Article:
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The Industrial Revolution in Scotland (New Studies in Economic and Social History) Paperback – 5 Feb 1993

4.0 out of 5 stars 2 customer reviews

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Product details

  • Paperback: 122 pages
  • Publisher: Cambridge University Press; 1st Edition edition (5 Feb. 1993)
  • Language: English
  • ISBN-10: 0521576431
  • ISBN-13: 978-0521576437
  • Product Dimensions: 13.8 x 0.7 x 21.6 cm
  • Average Customer Review: 4.0 out of 5 stars  See all reviews (2 customer reviews)
  • Amazon Bestsellers Rank: 1,058,873 in Books (See Top 100 in Books)
  • See Complete Table of Contents

Product Description

Review

' … a very valuable addition to the series and should broaden perspectives beyond Scotland'. Labour History Review

Book Description

The Industrial Revolution in Scotland is an accessible account describing the nature and impact of early industrialisation, not only in the towns of the Borders and in Dundee, but also in the Highlands and Islands. The social and economic causes and consequences of the Industrial Revolution are also considered.

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Format: Paperback
Christopher Whatley's book provides a very interesting and readable overview of Scotland's industrial revolution. However, at only 100 pages this only gives the briefest outline and I was left hungering for more detail, particularly on the great companies and how they fared.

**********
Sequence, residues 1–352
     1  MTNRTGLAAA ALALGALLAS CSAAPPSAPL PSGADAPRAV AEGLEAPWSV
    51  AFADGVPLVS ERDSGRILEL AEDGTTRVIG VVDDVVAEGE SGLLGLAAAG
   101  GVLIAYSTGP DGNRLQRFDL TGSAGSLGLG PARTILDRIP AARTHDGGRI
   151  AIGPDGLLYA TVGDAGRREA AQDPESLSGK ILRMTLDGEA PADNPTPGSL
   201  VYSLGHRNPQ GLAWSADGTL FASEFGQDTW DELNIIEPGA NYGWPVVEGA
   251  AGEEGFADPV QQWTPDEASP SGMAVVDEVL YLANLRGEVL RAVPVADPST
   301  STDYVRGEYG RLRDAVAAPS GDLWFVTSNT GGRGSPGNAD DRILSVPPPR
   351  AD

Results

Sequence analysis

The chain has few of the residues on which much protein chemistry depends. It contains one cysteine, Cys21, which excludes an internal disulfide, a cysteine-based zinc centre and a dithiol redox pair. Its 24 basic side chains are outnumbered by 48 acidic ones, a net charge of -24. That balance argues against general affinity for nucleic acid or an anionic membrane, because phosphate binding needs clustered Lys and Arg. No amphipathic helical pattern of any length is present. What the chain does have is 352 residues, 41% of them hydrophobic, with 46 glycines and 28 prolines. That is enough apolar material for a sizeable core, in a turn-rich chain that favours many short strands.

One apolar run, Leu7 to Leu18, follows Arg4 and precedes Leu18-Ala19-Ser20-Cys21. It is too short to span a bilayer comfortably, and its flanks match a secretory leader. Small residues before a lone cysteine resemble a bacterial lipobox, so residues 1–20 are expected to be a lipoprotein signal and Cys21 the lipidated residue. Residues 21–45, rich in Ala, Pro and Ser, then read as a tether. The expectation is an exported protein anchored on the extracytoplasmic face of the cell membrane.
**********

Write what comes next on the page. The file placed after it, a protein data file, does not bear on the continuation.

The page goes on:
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Format: Paperback Verified Purchase
not read it all but got loads of info i need
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Most Helpful Customer Reviews on Amazon.com (beta)

Amazon.com: 3.0 out of 5 stars 1 review
1 of 1 people found the following review helpful
3.0 out of 5 stars Scots Progress 27 Jan. 2004
By Donald B. Siano - Published on Amazon.com
Format: Paperback
The story of the Industrial Revolution in England continues to fascinate--why did it occur here rather than somewhere else? Was it a matter of access to natural resources, especially iron ore and coal? Or more important was it the genius of the inventors who made more efficient and economic use of those resources? Or was it the nature of the people themselves, a superior race to any other, imbued with the proper Christian values of hard work, honesty, and demonstrations of Calvanistic choseness? No doubt it was a combination of all of these factors combined with singular historical accidents, all entangled in ways impossible to discern. No matter--it makes for an exciting thing to contemplate, as well as temptations to draw lessons for our own time.
Whatley has done a credible job of examining all of these factors in a most scholarly and objective fashion, synthesizing all of the more recently collated statistics and economic indicators and deriving some new insights how the revolution occurred in Scotland. He usefully compares the phenomenon with the antecedent events in England in order to make the analysis more reliable and pertinent. His style is pretty much that of an economic historian, making for some tough going at times. There is hardly a trace of the characteristics of the important personalities of the movers and shakers, which would make for a livelier read, perhaps. But this is available in other sources, and within his own sort of approach carries it off well, making the book valuable to professionals, but accessible to the interested layman as well.
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